To harness the expertise of leading scholars and provide them with the detailed sub-national data required to provide cutting-edge analytical support to policymakers at government agencies and non-governmental organizations;
And to maintain a repository of quality data across multiple cases of conflict and make these data available to a broad community of scholars, policy analysts and military strategists.
"One of the critical barriers to getting more top-notch research done on policy-relevant problems in the areas of security and development is the huge investment it takes to build data on areas experiencing or emerging from conflict,” said Shapiro, a Navy veteran who teaches at Princeton’s Woodrow Wilson School of Public and International Affairs.
“The ESOC website is designed to dramatically lower that barrier by making available a broad range of data which took our team years to develop,” he said. “In doing so, we hope to promote careful empirical work on how to reduce conflict, rebuild order, and apply scarce aid and security resources more effectively."
The site is devoted to data on Afghanistan, Colombia, Iraq, Pakistan, Philippines and Vietnam, with more countries to be added in coming years. There are hundreds of maps, geographical, demographic and socioeconomic data files, links to publications and university databases and other materials related to the study of conflict.
Felter said that as a result of their research, ESOC members have uncovered significant new findings, some of which has been shared with decision-makers in the field. “In Afghanistan, for example, we were able to provide empirical evidence that conflict episodes resulting in civilian casualties led to an increase in attacks against coalition forces in Afghanistan. These findings were briefed to senior leaders in the International Security and Assistance Force as well as to the Chairman of the Joint Chiefs of Staff.”
“I’ve advised senior leaders in Iraq and Afghanistan and can attest that more and better data-driven analysis is in great demand. The stakes are high; literally life and death in some cases." - Felter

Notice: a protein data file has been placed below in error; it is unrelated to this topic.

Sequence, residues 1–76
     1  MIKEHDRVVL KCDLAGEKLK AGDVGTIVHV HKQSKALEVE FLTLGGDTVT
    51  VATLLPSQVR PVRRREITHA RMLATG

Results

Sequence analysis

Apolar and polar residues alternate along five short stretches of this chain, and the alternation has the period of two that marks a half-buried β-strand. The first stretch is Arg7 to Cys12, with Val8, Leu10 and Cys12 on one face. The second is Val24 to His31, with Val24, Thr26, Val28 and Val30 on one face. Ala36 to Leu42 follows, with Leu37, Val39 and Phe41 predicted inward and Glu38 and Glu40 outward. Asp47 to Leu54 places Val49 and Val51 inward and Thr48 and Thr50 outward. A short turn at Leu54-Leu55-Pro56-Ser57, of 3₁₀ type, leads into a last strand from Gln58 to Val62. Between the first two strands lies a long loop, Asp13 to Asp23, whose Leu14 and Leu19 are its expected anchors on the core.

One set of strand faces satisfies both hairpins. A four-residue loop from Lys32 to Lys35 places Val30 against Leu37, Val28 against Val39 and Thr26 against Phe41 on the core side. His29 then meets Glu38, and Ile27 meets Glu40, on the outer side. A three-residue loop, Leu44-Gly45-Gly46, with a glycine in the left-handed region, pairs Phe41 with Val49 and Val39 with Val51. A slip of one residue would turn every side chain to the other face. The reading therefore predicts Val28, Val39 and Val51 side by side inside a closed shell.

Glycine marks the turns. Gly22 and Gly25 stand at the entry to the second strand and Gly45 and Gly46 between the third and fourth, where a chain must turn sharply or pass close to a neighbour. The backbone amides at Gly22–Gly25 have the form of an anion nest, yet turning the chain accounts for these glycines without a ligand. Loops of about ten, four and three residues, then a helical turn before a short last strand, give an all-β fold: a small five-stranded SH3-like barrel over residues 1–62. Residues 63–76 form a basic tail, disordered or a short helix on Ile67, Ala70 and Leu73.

They also were able to facilitate the release of data on insurgent attacks and aid spending in Iraq to test theories on what led to the dramatic reduction in violence in 2007. With aid spending, they found that the use of impromptu humanitarian relief projects could help gain popular support and cooperation, leading to a reduction in insurgent violence, but that large-scale aid projects could have the opposite effect.
"Four years ago, practitioners would ask us how to best implement development projects in Afghanistan, Iraq, and other conflict zones. We could only shrug,” said Eli Berman, a UC San Diego economics professor, research director for international security at the UC Institute on Global Conflict and Cooperation, and ESOC member. “Today, we can confidently give advice based on solid evidence: projects are likely to be violence-reducing if they are modest – say less than $50,000 – secure from destruction and extortion, informed by development experts and conditional on government forces controlling the territory.”
Felter and Shapiro hope that new discoveries by ESOC researchers and by scholars working with micro-conflict data made available by ESOC can help shape American counterinsurgency doctrine as it evolves going forward.
“ESOC works collaboratively with other institutions dedicated to making data available to the scholarly community, such as West Point’s Combating Terrorism Center, where ESOC researchers are engaged in a new joint project building data from recently released documents from the Iraqi insurgency,” Felter said.
Other ESOC members include:
James D. Fearon, Theodore and Frances Geballe Professor in the School of Humanities and Sciences and Professor of Political Science at Stanford University
David D. Laitin, the James T. Watkins IV and Elise V. Watkins Professor of Political Science at Stanford University.
Jeremy M. Weinstein, Associate Professor of Political Science and Senior Fellow at Stanford's Freeman Spogli Institute for International Studies. He serves as director of the Center for African Studies, and is an affiliated faculty member at CISAC and the Center on Democracy, Development, and the Rule of Law
Somali mother and child.